Best Machine Learning training in chennai

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Machine Learning

We provide the Best Machine Learning Training in  chennai, it has given us self-driving cars, practical speech recognition, effective web search, and a vastly improved understanding of the human genome.  Some of the topics to be covered include concept learning, neural networks, genetic algorithms, reinforcement learning, instance-based learning, and so forth.  Machine learning, course will be project-oriented, with emphasis placed on writing software implementations of learning algorithms applied to real-world problems, along with short reports describing your results Machine Learning Training in  chennai

Our technical team will present algorithms and proceeds in different way that strengthen them in huge systems as you learn about a different type of topics, that including:

“Reinforcement learning, randomized search algorithms, statistical supervised and unsupervised learning methods, Bayesian learning method”

INTRODUCTION:
1.Well-posed learning problems
2.Designing a learning system
3.Choosing the training experience
4.Choosing the target function
5.choosing a representation for the target function
6.Choosing a function approximation algorithm
7.The final design
8.Perspectives and isssues in machine learning
9.Issues in machine learning
10.How to read this book
11.Summary and further reading
12.Exercises
13.Reference

CONCEPT LEARNING AND THE GENERAL-TO-SPECIFIC ORDERING :
1.Introduction
2.A concept learning task
3.Notation
4.The inductive learning hypothesis
5.Concept learning as search
6.General-specific ordering to hypotheses
7.Finding a maximally specific hypothesis
8.Version spaces and the candidate -elimination algorithm
9.Representation
10.The list- then-eliminate algorithm
11.A more compact representation for version spaces
12.Candidate – elimination learning algorithm
13.An illustrative example
14.Remarks on version spaces and candidate – elimination
15.Will the candidate – elemination algorithm converge to the correct hypothesis?
16.What training example should the learner request next?
17.How can partially learned concept be used?
18.Inductive bias
19.A biased hypothesis space
20.An unbiased learner
21.The futility of bias – free learning
22.Summary and further reading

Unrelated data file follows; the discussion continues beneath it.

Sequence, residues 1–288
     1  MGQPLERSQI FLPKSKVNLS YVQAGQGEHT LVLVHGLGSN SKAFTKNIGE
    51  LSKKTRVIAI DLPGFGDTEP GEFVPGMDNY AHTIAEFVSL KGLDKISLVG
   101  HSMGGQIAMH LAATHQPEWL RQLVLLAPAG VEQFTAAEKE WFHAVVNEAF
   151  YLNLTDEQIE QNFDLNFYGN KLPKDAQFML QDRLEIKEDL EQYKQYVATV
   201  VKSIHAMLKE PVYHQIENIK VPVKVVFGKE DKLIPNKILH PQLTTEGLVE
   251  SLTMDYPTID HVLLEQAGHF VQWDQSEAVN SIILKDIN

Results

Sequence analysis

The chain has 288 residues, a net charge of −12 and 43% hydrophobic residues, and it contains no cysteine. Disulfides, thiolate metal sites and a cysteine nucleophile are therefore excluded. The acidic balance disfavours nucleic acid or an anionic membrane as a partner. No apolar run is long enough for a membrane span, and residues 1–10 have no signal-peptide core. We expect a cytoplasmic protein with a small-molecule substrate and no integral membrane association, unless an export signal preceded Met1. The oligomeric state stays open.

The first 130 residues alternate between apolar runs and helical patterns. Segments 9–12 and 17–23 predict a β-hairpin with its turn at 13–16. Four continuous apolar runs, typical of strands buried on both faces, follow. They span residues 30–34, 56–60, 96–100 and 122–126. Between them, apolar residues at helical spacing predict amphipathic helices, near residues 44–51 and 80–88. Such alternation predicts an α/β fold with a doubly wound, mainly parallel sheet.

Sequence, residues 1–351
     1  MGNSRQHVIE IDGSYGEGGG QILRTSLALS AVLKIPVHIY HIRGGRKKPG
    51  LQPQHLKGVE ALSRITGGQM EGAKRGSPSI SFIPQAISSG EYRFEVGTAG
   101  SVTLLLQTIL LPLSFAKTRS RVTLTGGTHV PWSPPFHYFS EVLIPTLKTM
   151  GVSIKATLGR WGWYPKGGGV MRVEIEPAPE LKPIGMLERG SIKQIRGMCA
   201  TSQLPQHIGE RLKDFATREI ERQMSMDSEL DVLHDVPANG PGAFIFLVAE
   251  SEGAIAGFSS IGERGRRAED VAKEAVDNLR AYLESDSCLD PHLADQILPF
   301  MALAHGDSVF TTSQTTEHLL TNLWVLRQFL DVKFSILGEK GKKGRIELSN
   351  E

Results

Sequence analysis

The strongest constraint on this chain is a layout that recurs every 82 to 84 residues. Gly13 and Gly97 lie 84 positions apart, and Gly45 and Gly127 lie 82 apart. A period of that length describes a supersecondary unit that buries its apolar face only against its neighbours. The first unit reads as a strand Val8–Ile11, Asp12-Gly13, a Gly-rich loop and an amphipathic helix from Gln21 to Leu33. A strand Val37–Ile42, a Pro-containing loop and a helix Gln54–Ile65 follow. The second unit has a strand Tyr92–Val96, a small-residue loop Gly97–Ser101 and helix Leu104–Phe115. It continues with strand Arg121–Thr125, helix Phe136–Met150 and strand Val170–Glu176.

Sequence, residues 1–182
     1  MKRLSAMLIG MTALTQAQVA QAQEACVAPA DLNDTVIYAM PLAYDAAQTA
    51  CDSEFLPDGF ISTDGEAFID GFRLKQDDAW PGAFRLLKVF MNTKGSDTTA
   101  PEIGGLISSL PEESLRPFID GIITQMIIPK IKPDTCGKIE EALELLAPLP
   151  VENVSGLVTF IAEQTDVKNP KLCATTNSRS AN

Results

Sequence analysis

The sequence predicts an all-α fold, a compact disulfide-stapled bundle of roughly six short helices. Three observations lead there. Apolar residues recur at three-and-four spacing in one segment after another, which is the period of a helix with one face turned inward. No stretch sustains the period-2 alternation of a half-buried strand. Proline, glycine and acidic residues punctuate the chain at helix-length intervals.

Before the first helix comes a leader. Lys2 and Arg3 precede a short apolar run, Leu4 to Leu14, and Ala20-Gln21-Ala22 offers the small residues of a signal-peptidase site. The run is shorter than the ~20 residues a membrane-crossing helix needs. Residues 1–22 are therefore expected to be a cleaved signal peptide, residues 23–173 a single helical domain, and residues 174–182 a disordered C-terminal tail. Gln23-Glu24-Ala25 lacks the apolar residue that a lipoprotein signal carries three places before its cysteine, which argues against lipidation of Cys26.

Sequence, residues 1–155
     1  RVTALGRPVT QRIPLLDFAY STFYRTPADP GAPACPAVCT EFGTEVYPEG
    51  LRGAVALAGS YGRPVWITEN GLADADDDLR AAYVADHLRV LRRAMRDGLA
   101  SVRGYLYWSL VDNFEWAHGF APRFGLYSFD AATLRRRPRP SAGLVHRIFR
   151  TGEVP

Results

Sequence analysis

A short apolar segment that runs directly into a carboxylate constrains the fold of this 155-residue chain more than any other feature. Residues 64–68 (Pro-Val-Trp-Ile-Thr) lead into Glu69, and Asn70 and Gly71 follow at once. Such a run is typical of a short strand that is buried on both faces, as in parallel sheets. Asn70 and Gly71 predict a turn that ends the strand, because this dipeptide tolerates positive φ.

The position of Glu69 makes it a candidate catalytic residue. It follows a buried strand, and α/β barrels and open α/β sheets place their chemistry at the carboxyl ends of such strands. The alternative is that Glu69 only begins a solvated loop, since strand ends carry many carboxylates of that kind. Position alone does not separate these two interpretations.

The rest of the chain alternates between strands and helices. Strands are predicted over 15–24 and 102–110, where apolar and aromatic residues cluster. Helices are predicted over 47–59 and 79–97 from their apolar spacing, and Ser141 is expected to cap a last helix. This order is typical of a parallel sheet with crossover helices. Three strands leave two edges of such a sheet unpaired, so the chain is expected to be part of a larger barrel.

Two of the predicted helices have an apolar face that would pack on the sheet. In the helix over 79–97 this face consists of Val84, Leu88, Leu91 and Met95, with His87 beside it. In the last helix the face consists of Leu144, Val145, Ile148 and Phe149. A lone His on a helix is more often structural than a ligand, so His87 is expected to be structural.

23.Exercise
24.References

DECISION TREE LEARNING:
1.Introduction
2.Decision tree representation
3.Appropriate problems for decision tree learning
4.The basic decision tree learning algorithm
5.Which attribute is the best classifier ?
6.An illustrate example
7.Hypothesis space search in decision tree learning
8.Inductive bias in decision tree learning
9.Restriction biases and preference biases
10.Why prefer short hypotheses?
11.Issues in decision tree learning
12.Avoiding overfitting the data
13.Incorporating continuous -valued attributes
14.Alternative measures for selecting attributes
15.Handling training examples with missing attribute values
16.Handling attributes with differing costs
17.Summary and further reading
18.Exercise
19.Reference

ARTIFICIAL NEURAL NETWORKS:
1.Introduction
2.Biological motivation
3.Neural network representations
4.Appropriate problems for neural network learning
5.Perceptrons
6.Representational power of perceptrons
7.The perceptron training rule
8.Gradient descent and the delta rule
9.Remarks
10.Multilayer networks and the backpropagation algorithm
11.A differentiable threshold unit
12.The backpropagation algorithm
13.Derivation of the backpropagation rule
14.Remarks on the backpropagation algorithm
15.Convergence and local minima
16.Representational power of feedforwad networks
17.Hypothesis space search and inductive bias
18.Hidden layer representation
19.Generalization ,overfitting,and stopping criterion
20.An illustrative example :face recognition
21.The task
22.Design choices
23.Learned hidden representations
24.Advanced topics in artificial neural networks
25.Alternative error functions
26.Recurrent networks
27.Dynamically modifying network structure
28.Summary and further reading
29.Exercise
30.References

EVALUATING HYPOTHESES
1.Motivation
2.Estimating hypothesis accuracy
3.Sample error and true error
4.Confidence intervals for discrete-valued hypotheses
5.Basics of sampling theory
6.Error estimation and estimating binomial proportions
7.The binomial distribution
8.Mean and variance
9.Estimators,bias,and variance
10.Confidence intervals
11.Two-sided and one -sided bounds
12.A general approach for deriving confidence intervals
13.Central limit theorem
14.Difference in error of two hypotheses
15.Hypothesis testing
16.Comparing learning algorithms
17.Paired t tests
18.Practical considerations
19.Summary and further reading
20.Exercises
21.References

BAYESIAN LEARNING: